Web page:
India takes pride in software skills and plans to go rapidly online, but urgently needs to put up strong defences to be cyber secure. Over one-fifth of mobile phones and desktop computers in the country are infected with malware — mischievous software which can gain unauthorised access to a device and damage or destroy its system. The warning has been sounded in a recent study by Comparitech, a consumer tech review company.
Ranked among the worst performers (with China positioned even lower), India’s problems could stem from the proliferation of cheap smartphones in the market with users having little awareness about proper usage. While the government has been taking steps, like launching free anti-malware tools in February 2017, there is still much to do.
Several cyber crimes last year clearly show a rising threat to the country’s IT network and huge databases, like an ATM scam in Kolkata that cleaned up Rs 20 lakh, hackers stealing SIM card information to break into bank accounts of customers of a Pune-based bank and transferring money offshore, and even a series of breaches in the Aadhaar database that stores biometric ID details of the country’s population.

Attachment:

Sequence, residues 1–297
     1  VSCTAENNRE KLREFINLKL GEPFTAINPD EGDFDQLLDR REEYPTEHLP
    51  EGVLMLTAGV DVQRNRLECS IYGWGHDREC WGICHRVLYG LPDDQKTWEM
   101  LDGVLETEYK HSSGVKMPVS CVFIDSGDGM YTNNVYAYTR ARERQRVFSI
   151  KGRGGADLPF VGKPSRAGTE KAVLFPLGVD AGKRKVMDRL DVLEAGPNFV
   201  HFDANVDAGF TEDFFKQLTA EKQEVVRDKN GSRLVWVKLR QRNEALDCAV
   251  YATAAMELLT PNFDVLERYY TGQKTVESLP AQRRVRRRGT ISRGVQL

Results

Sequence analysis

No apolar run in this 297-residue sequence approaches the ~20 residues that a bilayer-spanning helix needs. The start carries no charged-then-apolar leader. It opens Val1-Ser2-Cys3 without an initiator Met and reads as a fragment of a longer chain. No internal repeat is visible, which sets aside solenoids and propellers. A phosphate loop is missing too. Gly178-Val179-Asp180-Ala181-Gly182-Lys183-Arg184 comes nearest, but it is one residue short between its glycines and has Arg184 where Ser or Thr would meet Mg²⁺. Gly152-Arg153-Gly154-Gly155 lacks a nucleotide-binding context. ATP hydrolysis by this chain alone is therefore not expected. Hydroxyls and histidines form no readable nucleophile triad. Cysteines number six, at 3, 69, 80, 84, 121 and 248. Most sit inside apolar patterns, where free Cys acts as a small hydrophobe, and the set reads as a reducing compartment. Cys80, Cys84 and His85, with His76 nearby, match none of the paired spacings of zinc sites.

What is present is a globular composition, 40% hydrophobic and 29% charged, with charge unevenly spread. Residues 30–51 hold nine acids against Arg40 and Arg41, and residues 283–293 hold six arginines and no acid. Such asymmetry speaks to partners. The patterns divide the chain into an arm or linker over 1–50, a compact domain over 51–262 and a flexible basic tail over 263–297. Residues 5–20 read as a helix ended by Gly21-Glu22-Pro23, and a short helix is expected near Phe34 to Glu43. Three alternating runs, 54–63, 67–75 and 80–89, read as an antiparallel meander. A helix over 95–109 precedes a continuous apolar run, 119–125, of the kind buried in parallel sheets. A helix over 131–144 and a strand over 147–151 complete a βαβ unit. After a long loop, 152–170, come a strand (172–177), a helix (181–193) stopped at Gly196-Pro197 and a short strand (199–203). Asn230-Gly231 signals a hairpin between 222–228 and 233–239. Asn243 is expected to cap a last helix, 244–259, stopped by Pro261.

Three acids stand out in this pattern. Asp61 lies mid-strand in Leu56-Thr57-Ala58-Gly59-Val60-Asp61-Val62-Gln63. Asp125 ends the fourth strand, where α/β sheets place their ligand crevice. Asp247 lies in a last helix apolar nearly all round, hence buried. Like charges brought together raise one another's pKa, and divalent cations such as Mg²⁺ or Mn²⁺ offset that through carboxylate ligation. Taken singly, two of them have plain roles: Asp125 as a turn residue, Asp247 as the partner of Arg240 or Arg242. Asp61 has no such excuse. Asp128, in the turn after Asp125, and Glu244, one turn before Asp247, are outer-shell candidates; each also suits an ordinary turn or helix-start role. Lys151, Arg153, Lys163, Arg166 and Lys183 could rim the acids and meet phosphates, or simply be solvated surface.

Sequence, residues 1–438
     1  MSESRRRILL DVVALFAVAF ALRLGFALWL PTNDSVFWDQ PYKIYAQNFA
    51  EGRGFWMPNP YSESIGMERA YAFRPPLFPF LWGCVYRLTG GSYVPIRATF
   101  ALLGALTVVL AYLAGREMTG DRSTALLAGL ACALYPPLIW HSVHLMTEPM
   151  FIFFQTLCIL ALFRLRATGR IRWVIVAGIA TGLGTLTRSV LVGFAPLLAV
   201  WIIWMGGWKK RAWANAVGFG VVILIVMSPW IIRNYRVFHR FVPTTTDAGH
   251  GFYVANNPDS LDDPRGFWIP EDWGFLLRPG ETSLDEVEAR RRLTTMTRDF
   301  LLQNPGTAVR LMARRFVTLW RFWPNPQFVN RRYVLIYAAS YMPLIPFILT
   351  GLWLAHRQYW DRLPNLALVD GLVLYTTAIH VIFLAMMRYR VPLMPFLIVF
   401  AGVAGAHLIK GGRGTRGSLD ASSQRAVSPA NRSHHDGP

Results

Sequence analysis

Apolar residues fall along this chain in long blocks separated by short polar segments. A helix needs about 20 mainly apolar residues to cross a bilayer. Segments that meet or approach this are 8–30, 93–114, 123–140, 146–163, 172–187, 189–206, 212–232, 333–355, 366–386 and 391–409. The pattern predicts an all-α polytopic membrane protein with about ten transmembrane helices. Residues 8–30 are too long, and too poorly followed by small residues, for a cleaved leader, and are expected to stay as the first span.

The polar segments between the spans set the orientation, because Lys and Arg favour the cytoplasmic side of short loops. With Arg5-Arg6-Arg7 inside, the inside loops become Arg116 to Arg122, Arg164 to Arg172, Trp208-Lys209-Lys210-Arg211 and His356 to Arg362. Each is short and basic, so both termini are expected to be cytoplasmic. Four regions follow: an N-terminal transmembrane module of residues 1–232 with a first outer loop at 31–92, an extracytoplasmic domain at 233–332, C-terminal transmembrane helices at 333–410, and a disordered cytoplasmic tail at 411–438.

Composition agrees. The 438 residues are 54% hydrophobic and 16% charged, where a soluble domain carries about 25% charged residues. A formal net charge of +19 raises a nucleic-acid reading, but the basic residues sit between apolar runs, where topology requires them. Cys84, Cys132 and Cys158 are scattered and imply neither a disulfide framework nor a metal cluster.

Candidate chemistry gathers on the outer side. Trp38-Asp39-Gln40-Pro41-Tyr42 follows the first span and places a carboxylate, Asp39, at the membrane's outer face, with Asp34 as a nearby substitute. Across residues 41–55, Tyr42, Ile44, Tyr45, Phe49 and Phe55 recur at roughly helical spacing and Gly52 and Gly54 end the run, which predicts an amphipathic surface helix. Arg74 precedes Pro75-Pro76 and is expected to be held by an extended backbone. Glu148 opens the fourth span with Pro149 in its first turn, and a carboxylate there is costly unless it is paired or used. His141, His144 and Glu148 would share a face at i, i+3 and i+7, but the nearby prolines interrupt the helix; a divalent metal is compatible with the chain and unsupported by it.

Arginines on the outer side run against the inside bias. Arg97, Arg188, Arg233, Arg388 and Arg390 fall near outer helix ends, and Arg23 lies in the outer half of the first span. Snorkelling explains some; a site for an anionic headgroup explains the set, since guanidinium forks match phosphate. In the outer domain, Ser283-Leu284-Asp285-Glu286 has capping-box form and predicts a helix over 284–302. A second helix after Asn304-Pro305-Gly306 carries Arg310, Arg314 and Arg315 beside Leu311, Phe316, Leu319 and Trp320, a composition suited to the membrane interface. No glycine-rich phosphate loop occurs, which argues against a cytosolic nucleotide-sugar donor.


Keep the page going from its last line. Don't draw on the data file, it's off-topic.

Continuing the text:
Things are likely to get worse with the study detecting a considerable proportion of Telnet attacks against IoT (Internet of Things) devices emerging from the Indian subcontinent. Clearly, the country needs an army of cyber security warriors, who can be groomed from school stage onwards with effective course content. The government can’t do this alone — private players need to pitch in with all their expertise.